I heard about Danny Ainge before I ever saw him play.
He was a sophomore at North Eugene High School then and I didn’t see him on a basketball court until his junior year – when his Highlanders were racing to their first of back-to-back state championships.
I remember asking the coach of another team what this Ainge kid did that made him so good – and I got an intriguing answer.
“He does everything,” the man said. “But mostly, he just won’t let them lose.”
I saw him play two years in a row in basketball, when the state Class AAA tournament was in Memorial Coliseum and still one of the state’s big sports events.
And he was everything advertised.
He was quick, smart, tough, aggressive and made big shots. And a fierce competitor. He was really something special.
As he was in other sports. He was an all-state selection in three major sports. As a junior and as a senior. I still consider him the greatest all-around prep athlete in the state's history.
His summer job while playing basketball at BYU was playing professional baseball. At 20, he got 308 at bats for the Toronto Blue Jays – rushed to the big leagues in hopes he would choose baseball over basketball as a career. He had parts of three seasons with the Blue Jays.
He was a high school All-American in football, a wide receiver, defensive back and quarterback, and told me once he was more heavily recruited in football than in basketball.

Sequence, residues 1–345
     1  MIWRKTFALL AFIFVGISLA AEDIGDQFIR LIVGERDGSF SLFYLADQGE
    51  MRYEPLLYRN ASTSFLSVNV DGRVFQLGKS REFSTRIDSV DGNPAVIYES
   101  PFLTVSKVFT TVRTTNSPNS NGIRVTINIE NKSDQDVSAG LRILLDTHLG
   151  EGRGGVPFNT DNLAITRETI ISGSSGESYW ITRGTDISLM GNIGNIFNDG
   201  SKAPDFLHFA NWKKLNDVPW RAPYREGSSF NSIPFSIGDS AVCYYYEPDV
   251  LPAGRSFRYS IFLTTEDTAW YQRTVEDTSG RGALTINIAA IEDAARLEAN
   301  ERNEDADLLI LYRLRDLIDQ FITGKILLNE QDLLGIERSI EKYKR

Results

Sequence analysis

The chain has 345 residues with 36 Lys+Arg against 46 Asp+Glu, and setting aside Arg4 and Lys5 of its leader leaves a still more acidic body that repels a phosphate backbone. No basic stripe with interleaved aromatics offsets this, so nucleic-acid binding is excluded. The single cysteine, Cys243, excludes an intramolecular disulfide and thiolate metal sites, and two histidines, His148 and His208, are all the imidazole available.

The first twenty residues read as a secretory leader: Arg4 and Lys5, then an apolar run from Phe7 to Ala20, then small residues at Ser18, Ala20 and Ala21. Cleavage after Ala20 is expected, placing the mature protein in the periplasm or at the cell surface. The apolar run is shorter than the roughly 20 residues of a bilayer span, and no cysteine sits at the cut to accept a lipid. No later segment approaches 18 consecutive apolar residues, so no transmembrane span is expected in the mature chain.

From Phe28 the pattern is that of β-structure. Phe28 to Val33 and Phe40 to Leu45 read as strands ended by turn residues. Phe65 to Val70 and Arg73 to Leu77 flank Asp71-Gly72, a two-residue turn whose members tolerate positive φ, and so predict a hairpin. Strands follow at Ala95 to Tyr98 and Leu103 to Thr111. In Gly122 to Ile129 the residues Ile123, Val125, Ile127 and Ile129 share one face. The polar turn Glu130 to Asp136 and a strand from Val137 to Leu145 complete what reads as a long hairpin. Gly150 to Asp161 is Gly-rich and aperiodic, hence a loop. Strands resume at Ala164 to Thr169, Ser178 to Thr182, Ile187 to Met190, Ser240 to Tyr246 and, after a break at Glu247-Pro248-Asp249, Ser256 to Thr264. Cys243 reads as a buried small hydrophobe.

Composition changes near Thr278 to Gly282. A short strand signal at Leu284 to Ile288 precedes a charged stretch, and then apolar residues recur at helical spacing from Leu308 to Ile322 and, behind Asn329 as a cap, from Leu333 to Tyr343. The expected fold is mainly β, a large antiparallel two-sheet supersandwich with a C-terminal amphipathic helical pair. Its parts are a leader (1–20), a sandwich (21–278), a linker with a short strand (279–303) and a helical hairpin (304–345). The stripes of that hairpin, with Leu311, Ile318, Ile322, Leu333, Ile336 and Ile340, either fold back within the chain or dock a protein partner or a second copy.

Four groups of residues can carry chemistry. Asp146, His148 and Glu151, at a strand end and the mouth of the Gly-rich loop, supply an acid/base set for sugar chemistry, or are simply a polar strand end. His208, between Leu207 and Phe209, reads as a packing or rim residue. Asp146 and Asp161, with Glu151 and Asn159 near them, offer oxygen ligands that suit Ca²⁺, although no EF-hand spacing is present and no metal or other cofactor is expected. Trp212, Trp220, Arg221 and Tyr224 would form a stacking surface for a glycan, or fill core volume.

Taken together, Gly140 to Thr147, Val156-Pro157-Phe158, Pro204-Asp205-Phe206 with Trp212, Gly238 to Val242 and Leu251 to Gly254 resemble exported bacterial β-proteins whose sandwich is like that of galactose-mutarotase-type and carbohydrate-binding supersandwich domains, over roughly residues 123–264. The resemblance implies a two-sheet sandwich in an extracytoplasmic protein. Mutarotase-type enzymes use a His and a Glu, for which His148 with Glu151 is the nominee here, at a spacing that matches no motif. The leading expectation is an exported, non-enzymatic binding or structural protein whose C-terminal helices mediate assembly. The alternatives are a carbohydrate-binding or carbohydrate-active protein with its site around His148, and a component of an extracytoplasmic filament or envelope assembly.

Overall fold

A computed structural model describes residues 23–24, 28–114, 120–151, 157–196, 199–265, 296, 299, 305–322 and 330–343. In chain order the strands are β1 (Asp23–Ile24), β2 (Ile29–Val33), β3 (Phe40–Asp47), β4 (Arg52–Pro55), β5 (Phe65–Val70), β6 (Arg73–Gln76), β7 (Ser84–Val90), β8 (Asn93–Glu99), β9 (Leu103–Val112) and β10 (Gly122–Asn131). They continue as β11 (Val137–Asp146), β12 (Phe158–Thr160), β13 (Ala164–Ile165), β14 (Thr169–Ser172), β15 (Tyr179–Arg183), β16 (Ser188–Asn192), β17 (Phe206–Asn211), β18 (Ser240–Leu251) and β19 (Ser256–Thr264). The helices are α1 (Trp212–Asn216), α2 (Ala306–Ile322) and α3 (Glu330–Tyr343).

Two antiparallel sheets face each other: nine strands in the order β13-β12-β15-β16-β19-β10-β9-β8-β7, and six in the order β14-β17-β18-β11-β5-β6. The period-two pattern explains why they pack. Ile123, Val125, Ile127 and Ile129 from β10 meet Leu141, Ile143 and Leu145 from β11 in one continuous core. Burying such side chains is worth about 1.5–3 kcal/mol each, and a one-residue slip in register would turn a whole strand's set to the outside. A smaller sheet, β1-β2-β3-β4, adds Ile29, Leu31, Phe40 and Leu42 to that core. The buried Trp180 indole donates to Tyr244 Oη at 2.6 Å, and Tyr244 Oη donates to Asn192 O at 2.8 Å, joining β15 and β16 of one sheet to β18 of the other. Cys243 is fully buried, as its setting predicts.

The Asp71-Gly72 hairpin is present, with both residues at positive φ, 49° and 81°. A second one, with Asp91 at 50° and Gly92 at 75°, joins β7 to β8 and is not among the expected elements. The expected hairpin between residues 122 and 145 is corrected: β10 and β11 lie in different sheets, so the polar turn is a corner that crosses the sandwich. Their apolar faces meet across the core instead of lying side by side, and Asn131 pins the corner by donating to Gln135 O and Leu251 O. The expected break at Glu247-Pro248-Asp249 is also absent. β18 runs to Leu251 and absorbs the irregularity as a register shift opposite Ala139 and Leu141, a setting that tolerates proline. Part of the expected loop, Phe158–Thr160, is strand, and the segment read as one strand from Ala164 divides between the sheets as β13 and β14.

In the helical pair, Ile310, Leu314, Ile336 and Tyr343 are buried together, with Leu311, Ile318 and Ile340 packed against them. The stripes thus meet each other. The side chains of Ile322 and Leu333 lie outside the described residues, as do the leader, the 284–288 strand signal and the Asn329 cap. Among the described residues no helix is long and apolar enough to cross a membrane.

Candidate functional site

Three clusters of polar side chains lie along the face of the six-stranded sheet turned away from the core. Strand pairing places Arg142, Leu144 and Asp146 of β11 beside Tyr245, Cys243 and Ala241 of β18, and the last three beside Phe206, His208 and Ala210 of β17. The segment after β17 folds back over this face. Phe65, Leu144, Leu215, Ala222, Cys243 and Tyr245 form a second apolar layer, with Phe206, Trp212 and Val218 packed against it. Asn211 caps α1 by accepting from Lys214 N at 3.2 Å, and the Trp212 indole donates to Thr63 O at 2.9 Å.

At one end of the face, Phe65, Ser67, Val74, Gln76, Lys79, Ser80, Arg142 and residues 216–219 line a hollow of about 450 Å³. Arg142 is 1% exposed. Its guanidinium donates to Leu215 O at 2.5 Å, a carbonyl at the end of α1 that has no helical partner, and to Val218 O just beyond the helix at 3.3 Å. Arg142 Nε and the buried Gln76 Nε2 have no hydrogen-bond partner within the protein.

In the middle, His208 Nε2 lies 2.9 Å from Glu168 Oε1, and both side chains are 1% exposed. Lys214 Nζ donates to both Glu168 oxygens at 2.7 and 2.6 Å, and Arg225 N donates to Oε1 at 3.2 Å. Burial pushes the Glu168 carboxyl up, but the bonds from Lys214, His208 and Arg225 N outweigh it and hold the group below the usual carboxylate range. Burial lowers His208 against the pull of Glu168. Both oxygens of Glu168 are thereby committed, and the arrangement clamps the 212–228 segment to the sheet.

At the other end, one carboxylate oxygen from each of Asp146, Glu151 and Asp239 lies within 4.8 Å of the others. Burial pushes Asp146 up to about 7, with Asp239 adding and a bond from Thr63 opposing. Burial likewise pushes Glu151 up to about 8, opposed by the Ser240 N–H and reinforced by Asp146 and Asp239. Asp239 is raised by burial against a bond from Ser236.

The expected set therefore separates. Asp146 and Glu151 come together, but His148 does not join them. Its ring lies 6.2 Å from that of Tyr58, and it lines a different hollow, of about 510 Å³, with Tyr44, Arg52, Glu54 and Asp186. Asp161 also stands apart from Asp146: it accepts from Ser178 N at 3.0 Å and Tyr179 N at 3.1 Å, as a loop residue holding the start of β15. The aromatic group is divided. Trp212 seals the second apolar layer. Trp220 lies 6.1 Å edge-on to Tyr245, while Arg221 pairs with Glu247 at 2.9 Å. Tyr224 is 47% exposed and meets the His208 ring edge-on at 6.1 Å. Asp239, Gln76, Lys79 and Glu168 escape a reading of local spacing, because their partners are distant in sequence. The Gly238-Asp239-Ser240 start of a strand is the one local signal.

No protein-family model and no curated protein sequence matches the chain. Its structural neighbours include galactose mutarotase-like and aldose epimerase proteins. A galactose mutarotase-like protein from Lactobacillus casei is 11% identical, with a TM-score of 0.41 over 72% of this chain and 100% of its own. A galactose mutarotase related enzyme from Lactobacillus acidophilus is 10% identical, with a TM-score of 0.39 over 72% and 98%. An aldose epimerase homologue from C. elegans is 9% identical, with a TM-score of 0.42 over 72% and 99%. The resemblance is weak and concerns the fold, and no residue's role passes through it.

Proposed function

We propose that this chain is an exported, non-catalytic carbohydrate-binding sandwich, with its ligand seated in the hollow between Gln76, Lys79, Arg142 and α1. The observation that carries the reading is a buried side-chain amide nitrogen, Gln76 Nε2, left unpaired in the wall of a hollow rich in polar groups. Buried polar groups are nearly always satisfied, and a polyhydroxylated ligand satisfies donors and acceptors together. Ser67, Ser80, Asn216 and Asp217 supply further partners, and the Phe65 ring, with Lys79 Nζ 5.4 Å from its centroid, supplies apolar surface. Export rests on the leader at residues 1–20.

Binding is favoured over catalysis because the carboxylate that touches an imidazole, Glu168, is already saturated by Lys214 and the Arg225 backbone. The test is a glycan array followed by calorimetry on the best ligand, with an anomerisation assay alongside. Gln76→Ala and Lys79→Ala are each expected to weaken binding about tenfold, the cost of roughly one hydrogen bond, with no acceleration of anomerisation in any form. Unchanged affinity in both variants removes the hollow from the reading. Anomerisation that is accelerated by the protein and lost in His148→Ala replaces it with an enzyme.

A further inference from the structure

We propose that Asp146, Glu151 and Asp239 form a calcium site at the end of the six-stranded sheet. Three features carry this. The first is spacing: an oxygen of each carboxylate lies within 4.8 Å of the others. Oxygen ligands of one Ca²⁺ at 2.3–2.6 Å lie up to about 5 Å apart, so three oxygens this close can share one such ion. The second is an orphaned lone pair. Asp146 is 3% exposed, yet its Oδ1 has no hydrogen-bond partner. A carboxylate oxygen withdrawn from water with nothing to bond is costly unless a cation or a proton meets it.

But basketball was his chosen sport.
He began his 14-year playing career as a second-round pick by the Celtics, then had stints in Sacramento, Portland and Phoenix. He even played in an All-Star Game, along with winning two NBA titles as a player in Boston.
He was known as an aggressive, feisty player who would not back down from bigger players. He had a famous physical confrontation with Atlanta's 7-1 center Tree Rollins, who bit Ainge’s finger during the skirmish.
The lasting memory of that fight was a great headline in a Boston newspaper, “Tree bites man.”
As a Trail Blazer, he was the perfect third guard behind Terry Porter and Clyde Drexler, a swing guard who could shoot and handle the ball.
He was also a team prankster and comedian and the one who came up with t-shirts he passed out that said, “Us Against the World” – the theme for the 1992 Trail Blazers that led to the title of a book I co-authored with Kerry Eggers.
Ainge retired as a player in Phoenix and later coached the team before becoming director of basketball operations for the Celtics in 2003. In that job he engineered deals that brought Kevin Garnett and Ray Allen to Boston to team with Paul Pierce and bring the Celts a 2008 NBA championship.
He won the league’s Executive of the Year award that season.
There may be television in his future and I hope so. His sense of humor is perfect for him to be the backbone of a network’s NBA studio show.
He is a funny man who was always a pleasure to be around. He knows the game from top to bottom. And he’s led a very busy and sometimes frenetic life.
I hope now, after a few health scares in recent years, he has the time to enjoy his family and visit the golf course a bit more often.
Relax, Danny. You’ve earned it.